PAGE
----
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By Dr. Steven Rockoff, MS, MD, FACS
Urologist, UPMC Susquehanna
One in 250 men will develop testicular cancer in his lifetime. It has increased in recent decades and affects younger men, typically between the ages 14 and 44. Fortunately, when detected early, it is highly curable.
Part of the male reproductive system, the testes are located within the scrotum just below the penis. In adult males, each testicle is normally a little smaller than a golf ball. The best opportunity to detect testicular cancer early is through regular self-exam. Routine self-examination ensures early discovery of any changes that should be brought to a doctor’s attention.
Early symptoms to watch for in self-exams:
More advanced stages of the disease can spread to other parts of the body-the lymph nodes, lungs, liver, and brain-making it more challenging to treat successfully. Advanced testis cancer can cause weight loss, fatigue, back pain, stomach pain, shortness of breath, coughing, headaches, and confusion.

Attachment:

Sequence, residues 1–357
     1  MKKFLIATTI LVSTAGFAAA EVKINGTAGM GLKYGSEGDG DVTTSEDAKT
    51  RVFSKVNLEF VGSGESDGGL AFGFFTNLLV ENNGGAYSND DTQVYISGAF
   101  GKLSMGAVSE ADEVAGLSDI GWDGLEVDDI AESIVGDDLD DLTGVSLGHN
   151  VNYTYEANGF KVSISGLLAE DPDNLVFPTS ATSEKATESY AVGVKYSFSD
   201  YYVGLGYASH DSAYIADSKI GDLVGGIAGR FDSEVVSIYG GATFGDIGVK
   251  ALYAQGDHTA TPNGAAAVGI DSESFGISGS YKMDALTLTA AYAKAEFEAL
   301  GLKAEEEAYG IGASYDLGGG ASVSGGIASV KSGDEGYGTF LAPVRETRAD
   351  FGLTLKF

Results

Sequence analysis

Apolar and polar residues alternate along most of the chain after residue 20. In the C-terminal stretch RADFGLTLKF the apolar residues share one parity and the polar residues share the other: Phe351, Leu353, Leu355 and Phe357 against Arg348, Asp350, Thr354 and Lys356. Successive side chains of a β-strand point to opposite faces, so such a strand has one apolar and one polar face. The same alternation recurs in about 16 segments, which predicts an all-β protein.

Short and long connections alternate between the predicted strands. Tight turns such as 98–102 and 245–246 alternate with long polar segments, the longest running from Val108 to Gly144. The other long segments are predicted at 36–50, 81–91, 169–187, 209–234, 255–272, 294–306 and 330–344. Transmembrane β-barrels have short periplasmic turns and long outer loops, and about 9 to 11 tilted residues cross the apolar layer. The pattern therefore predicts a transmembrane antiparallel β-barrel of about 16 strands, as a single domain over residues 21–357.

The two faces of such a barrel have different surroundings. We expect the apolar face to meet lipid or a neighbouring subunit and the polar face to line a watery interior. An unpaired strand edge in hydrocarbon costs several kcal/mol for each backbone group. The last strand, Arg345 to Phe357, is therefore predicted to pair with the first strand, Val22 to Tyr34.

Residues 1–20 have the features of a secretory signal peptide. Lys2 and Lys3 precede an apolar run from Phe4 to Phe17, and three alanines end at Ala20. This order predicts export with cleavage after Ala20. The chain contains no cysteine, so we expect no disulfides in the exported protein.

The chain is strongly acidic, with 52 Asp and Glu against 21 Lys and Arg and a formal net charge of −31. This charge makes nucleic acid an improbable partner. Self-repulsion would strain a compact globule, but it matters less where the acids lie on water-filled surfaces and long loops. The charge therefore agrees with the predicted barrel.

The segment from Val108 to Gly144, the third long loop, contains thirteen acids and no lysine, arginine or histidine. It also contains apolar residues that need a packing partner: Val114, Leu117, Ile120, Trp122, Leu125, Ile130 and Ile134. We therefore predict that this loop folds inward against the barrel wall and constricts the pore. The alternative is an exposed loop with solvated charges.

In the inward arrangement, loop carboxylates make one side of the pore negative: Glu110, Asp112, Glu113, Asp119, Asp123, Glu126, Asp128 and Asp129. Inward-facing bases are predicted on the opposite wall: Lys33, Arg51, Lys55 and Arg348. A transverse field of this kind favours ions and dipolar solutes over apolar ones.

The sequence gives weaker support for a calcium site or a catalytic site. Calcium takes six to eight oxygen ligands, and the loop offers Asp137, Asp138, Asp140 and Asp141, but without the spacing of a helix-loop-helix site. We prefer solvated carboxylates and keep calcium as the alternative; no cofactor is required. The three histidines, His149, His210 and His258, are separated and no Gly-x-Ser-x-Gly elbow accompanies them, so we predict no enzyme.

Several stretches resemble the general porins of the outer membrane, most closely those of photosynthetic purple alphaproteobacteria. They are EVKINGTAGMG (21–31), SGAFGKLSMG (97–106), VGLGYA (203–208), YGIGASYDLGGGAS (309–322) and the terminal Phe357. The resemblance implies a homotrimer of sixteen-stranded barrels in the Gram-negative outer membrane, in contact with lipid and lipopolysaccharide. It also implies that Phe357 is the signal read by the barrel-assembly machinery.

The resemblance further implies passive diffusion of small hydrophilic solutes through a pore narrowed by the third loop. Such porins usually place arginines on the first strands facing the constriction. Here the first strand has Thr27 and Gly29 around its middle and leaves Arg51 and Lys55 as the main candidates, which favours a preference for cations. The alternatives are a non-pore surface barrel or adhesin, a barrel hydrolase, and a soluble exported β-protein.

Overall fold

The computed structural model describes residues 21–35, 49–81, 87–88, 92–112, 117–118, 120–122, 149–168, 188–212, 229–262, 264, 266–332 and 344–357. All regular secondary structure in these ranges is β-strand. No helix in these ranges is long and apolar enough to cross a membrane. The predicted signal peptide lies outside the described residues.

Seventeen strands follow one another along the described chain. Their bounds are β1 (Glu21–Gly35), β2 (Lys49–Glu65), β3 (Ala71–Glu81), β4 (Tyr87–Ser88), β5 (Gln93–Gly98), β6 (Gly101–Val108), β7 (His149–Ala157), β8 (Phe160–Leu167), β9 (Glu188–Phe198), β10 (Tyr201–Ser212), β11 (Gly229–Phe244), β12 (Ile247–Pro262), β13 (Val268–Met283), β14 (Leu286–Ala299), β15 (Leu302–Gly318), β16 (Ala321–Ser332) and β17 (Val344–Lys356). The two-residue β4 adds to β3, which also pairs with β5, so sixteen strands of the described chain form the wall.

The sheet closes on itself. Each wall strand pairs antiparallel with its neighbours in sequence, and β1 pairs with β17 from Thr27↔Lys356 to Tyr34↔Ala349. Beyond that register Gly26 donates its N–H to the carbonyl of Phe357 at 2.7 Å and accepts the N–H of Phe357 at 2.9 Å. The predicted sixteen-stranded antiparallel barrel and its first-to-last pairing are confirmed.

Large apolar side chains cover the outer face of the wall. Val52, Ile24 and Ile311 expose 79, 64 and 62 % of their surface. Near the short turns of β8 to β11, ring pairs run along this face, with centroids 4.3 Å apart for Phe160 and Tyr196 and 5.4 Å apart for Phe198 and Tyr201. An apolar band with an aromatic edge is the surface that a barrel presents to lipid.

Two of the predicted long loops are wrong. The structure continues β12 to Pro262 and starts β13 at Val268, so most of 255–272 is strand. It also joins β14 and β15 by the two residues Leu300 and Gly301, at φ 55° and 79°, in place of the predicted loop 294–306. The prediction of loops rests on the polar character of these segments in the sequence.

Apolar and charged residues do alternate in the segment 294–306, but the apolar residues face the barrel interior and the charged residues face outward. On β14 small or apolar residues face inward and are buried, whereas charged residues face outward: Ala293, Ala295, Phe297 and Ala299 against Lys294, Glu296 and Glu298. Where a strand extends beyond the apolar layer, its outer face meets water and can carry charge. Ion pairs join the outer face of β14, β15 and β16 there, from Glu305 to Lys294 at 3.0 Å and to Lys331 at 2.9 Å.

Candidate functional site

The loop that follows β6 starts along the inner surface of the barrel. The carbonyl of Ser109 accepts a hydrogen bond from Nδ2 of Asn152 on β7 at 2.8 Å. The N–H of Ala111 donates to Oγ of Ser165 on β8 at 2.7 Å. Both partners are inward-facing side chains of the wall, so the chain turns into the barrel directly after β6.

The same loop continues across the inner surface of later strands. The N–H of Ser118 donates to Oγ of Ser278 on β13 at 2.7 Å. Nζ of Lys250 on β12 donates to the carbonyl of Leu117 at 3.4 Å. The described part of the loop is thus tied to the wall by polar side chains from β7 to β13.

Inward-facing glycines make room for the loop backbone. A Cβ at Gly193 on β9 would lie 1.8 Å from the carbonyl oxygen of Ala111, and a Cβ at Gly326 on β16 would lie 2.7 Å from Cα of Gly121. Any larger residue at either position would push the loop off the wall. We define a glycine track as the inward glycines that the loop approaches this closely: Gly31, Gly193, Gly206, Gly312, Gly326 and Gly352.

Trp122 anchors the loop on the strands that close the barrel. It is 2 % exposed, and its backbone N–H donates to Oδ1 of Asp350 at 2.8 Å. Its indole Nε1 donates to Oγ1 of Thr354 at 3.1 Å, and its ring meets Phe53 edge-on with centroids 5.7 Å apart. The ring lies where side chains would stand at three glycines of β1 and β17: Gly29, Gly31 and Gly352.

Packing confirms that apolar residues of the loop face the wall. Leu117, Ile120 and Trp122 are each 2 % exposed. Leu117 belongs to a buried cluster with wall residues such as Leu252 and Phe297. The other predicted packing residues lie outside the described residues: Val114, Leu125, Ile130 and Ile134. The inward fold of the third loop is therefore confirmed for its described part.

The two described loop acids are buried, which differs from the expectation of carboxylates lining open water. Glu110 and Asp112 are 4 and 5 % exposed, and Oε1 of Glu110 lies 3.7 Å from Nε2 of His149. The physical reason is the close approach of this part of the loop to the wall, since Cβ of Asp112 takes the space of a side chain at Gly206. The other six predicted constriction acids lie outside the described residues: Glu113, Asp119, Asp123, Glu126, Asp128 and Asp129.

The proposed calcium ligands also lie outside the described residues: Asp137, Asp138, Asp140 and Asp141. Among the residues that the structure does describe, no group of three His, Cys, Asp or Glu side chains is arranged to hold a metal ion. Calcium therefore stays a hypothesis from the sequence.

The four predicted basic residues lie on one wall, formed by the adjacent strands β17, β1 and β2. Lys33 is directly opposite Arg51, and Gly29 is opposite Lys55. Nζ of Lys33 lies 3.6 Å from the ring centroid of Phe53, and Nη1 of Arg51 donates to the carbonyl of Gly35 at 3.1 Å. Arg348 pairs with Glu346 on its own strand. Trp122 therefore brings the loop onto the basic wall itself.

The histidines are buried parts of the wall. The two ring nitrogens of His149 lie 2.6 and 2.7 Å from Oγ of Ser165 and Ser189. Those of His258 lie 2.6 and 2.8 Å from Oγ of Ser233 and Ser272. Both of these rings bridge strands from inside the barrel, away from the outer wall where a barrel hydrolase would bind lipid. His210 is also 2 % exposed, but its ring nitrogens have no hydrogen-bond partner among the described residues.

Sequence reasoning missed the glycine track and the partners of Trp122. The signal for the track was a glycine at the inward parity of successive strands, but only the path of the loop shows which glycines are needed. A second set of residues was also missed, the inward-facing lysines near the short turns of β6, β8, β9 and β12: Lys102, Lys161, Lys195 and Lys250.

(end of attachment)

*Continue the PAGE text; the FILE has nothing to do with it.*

To diagnose testicular cancer, doctors often perform an ultrasound to examine any abnormalities found on or within the testis and a blood test to check for elevated levels of tumor markers. To rule out the possibility that the cancer has spread, doctors may order a scan of the chest, abdomen, and pelvis.
Once diagnosed, the first step in treatment is surgical removal through a small
incision in the groin. This procedure should not impact fertility as typically the other testicle remains viable, but men can often bank their sperm before this procedure as a precaution.
A pathology exam of the removed testicle determines the type of testicular cancer and dictates the course of additional treatment: radiation, chemotherapy or lymph node removal. The cure rate for stage one testicular cancer (confined to the testis) is 99 percent. Stage two (spread to the lymph nodes) is 96 percent, and stage three (advanced) drops to 73 percent.
The causes of testicular cancer are not yet known, making it difficult to recommend concrete preventive steps for the disease. For now, a habit of monthly self-examination beginning at puberty, is the best way to detect testicular cancer early when it is most curable.
Dr. Steven Rockoff is a board-certified urologist with UPMC Susquehanna.
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